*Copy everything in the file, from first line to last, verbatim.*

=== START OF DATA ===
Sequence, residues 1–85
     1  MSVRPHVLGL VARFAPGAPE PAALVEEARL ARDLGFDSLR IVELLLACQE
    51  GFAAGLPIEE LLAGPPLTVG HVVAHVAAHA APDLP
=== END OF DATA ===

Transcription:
Sequence, residues 1–85
     1  MSVRPHVLGL VARFAPGAPE PAALVEEARL ARDLGFDSLR IVELLLACQE
    51  GFAAGLPIEE LLAGPPLTVG HVVAHVAAHA APDLP